2. You have people you can ask help from.

Similar to our earlier point, while most people want to be popular and well-liked, never without a friend by their side or flaunting a million followers on social media, we all know that deep down inside, none of that matters if the people you surround yourself with don’t truly care about you as a person (Heinrich & Gullone, 2006). So if you’ve ever found yourself in a tough spot before or struggling with a problem that someone in your life helped you to solve — be it a friend or a family member — then count yourself lucky. You’re not as alone as you think you are!

3. You have people who can give you advice.

Even though you might feel too scared to open up and “burden other people with your problems” or worry that they might treat and look at you differently once you do, the truth is, you’ll never really know until you do. Who knows? You might already have plenty of people in your life who’d be more than happy to listen to what’s troubling you and even offer some advice, like  your parents, your best friend, your teacher, your guidance counselor, and so on (Ernst & Cacioppo, 1999).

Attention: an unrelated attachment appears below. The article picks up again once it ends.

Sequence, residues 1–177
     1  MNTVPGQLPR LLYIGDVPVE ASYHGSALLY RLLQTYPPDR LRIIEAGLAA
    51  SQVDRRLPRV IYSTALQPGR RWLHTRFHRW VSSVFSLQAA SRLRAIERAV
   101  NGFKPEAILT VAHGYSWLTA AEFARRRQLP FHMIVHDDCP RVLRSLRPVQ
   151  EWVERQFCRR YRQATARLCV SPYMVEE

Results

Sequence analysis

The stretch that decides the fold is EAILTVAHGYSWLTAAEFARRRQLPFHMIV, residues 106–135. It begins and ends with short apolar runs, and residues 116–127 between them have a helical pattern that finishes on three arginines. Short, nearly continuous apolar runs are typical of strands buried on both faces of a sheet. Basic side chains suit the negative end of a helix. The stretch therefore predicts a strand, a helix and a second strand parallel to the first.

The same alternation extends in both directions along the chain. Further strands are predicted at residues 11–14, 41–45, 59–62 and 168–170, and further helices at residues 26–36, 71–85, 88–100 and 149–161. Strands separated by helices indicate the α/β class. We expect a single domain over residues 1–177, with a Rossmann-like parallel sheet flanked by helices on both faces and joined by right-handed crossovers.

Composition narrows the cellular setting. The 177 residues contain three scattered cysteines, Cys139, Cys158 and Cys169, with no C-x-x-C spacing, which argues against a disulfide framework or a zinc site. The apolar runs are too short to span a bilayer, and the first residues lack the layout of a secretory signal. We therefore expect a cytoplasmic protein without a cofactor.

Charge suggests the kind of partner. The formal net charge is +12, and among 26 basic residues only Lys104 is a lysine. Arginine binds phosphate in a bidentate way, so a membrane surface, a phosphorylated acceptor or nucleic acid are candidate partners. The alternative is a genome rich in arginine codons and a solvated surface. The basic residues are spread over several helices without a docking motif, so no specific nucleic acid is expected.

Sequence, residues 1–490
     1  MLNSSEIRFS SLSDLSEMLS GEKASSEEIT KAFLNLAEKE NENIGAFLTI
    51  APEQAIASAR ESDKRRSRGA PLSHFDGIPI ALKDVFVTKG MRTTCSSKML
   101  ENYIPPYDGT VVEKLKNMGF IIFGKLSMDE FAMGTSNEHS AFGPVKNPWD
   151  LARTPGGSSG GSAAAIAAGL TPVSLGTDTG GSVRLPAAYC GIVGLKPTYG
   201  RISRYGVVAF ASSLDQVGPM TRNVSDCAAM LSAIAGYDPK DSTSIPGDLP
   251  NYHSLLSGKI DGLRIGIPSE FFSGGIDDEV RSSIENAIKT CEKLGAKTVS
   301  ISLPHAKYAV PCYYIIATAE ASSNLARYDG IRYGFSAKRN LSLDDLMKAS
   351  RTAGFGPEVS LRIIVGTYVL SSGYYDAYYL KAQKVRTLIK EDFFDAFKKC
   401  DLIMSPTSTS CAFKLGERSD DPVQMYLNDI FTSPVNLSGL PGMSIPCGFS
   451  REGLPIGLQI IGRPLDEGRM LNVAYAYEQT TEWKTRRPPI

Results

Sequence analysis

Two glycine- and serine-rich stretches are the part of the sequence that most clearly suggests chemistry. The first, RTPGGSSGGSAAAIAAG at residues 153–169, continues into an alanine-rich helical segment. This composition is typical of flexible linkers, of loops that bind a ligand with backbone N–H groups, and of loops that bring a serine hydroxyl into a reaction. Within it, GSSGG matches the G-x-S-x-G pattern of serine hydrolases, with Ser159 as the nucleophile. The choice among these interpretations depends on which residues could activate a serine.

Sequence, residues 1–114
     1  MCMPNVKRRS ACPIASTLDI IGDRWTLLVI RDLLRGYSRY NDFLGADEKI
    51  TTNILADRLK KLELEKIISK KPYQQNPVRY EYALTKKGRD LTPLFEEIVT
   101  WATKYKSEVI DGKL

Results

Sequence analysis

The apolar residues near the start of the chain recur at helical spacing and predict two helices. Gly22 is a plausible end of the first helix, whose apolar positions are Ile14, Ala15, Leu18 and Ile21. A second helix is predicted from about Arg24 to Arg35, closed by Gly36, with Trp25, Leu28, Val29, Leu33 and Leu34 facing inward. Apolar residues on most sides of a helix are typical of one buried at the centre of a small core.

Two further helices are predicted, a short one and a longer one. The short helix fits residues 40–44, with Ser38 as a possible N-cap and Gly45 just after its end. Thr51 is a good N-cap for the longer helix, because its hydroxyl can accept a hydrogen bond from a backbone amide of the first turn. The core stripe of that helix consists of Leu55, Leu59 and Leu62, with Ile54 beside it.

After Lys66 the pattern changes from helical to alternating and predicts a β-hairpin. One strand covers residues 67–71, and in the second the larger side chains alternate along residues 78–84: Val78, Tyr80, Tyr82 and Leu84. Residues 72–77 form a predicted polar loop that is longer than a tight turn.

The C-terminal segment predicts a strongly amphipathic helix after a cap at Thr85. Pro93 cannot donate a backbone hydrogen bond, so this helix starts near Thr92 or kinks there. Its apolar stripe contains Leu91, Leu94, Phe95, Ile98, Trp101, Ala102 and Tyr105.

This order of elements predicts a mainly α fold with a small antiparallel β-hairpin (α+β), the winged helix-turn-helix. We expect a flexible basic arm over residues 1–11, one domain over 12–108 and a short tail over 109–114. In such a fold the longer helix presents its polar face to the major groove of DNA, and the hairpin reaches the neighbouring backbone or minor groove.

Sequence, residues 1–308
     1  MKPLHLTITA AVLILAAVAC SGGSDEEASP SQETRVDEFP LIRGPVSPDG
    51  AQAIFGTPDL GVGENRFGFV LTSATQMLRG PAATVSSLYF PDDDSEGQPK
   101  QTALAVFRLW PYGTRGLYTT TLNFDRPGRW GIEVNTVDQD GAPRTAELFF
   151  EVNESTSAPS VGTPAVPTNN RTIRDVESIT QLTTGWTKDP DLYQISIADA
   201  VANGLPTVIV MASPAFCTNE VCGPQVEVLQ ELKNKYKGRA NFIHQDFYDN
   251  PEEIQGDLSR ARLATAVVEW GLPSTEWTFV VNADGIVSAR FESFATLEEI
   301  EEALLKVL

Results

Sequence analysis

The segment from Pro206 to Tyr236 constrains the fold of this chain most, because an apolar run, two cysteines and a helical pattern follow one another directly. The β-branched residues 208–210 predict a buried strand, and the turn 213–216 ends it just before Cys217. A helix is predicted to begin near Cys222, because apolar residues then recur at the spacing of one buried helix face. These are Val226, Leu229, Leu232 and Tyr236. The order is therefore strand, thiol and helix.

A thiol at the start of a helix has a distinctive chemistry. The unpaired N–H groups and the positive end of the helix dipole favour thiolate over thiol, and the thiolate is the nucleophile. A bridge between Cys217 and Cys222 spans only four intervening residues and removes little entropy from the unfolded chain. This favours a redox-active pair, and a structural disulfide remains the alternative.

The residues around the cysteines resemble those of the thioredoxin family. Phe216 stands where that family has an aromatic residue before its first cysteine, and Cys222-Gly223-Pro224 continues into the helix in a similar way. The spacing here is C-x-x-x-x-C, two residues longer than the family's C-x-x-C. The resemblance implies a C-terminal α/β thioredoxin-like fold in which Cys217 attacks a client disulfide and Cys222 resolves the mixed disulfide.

4. You can talk about your hobbies/interests.

Okay, so maybe talking about all that touchy-feely stuff is a bit uncomfortable for you. That’s alright! A lot of people feel the same way. But talking to someone about your hobbies and interests can be just as fulfilling and therapeutic, too, especially with those who share the same passion as you. Finding someone you can talk to about all of the things that make you happy — whether it’s a favorite film, book, or pastime — is already enough to make us feel a stronger sense of belonging and emotional connection with others (Peteet, 2011).